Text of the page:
A tip is a gratuity, right?
The National Restaurant Association, the National Federation of Independent Business, and the Council of State Restaurant Associations are suing the Labor Department over a ruling that says they must explain the exact amount of tips that will be credited toward workers’ minimum wages or else they will face penalties of $1,000 for each violation.
Not all restaurants force waiters to cough up part of their tip money to cover minimum wage law mandates. Even so, it has got to make you wonder why restaurants are allowed to skirt the minimum wage law by essentially confiscating gifts given to waiters to meet labor law. Tips are gratuities or gifts.
If anything the Labor Department should be sued for perpetuating a double standard. A mom and pop retail store struggling to make ends meet can’t count tips their employees may receive as credit toward their minimum wage pay. Yet if that owner of a mom and pop store goes out to a sit-down restaurant they are expected by “tradition” to tip the waiter and then - unbeknownst to them - the owner of the restaurant is using part of the tip to justify paying workers less than minimum wage.
What makes this all the more perverse is the Internal Revenue Service creates models on what a typical waiter at specific sizes and types of restaurants should expect in tips and then uses that to check their 1040 forms to make sure they are reporting within a certain range. The IRS, after all, wants to collect taxes on income. So thanks to the government’s own bipolar rules when it comes to minimum wage waiters are being taxed twice for the same dime.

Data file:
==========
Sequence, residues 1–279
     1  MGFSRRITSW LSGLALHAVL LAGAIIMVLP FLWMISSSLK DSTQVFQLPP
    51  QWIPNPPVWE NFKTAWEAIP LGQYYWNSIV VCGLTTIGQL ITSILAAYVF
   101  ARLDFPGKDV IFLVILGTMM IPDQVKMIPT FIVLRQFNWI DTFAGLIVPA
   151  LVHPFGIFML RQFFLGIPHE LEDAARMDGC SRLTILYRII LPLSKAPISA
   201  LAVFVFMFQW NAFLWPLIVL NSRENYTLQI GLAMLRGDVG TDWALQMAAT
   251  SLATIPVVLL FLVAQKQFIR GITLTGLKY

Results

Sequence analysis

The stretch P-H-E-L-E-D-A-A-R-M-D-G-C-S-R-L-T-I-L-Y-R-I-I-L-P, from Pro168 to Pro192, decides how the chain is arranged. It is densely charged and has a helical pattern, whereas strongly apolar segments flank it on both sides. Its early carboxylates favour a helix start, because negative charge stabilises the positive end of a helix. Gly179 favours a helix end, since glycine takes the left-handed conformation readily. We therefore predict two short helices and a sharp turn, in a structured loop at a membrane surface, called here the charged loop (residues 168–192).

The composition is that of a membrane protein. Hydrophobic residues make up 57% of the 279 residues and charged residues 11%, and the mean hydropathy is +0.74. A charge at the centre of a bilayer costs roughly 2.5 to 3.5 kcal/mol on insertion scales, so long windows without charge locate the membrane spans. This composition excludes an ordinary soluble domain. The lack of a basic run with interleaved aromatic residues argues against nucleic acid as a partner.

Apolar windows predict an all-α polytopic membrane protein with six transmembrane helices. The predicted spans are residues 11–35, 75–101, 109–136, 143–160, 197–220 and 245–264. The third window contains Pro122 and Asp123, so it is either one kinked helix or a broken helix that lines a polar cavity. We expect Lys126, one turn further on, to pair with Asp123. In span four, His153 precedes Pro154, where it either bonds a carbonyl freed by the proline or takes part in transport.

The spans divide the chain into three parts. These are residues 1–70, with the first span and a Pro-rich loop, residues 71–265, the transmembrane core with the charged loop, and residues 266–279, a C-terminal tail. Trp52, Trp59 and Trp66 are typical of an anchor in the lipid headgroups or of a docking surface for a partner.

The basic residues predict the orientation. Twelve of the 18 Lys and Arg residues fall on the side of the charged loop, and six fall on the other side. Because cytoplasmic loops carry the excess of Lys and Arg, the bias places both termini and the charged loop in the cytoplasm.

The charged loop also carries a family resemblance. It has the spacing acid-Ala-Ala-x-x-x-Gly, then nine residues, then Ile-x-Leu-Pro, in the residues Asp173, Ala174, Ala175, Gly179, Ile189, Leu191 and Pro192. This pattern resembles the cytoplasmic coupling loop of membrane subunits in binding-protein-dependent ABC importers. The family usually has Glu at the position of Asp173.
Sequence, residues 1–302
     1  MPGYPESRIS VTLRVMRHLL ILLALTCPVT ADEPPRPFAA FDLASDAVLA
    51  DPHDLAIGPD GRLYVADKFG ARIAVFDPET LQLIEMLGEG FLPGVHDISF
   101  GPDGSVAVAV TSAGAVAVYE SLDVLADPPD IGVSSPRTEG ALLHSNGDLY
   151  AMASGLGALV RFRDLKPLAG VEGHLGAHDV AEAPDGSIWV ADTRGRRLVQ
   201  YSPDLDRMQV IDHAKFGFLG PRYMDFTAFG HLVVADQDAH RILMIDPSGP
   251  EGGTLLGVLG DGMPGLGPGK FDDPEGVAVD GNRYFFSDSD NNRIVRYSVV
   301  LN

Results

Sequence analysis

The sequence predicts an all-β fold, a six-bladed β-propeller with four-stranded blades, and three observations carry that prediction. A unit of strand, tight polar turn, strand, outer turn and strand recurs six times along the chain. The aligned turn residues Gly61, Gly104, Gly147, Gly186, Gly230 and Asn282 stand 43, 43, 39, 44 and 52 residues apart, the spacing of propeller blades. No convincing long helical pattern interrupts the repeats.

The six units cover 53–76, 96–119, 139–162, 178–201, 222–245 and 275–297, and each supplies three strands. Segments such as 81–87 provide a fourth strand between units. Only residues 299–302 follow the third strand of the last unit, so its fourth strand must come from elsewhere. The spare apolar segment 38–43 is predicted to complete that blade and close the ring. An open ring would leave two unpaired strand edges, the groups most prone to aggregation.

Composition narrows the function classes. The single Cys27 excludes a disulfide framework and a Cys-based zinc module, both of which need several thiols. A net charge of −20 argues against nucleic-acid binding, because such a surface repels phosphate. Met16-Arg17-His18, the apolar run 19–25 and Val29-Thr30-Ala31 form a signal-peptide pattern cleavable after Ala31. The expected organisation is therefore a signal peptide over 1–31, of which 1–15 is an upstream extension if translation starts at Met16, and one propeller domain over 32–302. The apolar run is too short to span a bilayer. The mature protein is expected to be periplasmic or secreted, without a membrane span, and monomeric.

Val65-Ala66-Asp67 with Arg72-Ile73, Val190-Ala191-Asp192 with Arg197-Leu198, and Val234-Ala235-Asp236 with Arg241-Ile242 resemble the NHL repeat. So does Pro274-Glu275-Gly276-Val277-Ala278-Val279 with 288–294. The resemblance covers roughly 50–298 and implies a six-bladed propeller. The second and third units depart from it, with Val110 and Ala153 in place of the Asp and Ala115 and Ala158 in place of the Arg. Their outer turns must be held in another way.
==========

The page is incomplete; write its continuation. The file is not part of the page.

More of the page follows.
If a restaurant takes a dollar from tips for every hour a waiter works that means that is a dollar the IRS will tax twice - once as the waiters’ wage and again as the waiter’s tip. That, of course, assumes the waiter reports all tips. But then again the system is already stacked against them.
It’s highly doubtful that the government applies the same bureaucratic water boarding to either corporations or wealthy income earners.
There is a real simple way to clean this up.
First of all, restaurants need to pay minimum wage - period.
That undoubtedly will trigger anguished cries of how tough it is for them to stay afloat in this economy. If they raise the price of meals then they will lose customers. That’s understandable. But then let’s level the playing field and make everything as clean as possible. All of the etiquette gurus, restaurant owners or whoever came up with the brilliant idea for a 15 percent tip should lower that standard to 10 percent. Then restaurants should be barred from raiding tips to meet minimum federal wage laws. Everything should be a wash.
And if they continue to commandeer tips using fear or other means of extortion, then when they are caught and convicted the Labor Department should slap them with $10,000 minimum fines for each incident.
Tipping, of course, shouldn’t be mandatory although some restaurants make it that for what should now be obvious reasons. Patrons shouldn’t be guilted into having to pay tips just to make sure the waiter gets paid minimum wage.
Personally, I don’t have a major problem with tipping. if the service is mediocre, I tip 15 percent. If it’s good it is 20 percent plus. I also tip when I get my haircut even though I’m not absolutely sure how that got started. But I do know a pleasant and attentive waiter makes a meal more enjoyable. The same goes for someone who is cutting my hair.
As for the trade groups, they are now whining that it is a burdensome regulatory requirement to lay out to employees how much of their wages will be paid out of tips because the amount differs for each employee and the amount of tips an employee collects changes from week to work.
The current system allows employers to fleece both their workers as well as unsuspecting customers.
Instead of defending the lawsuit from trade groups, the Labor Department should just outlaw the entire practice of allowing tip credits to supplant minimum wage laws for restaurants or any other business for that matter.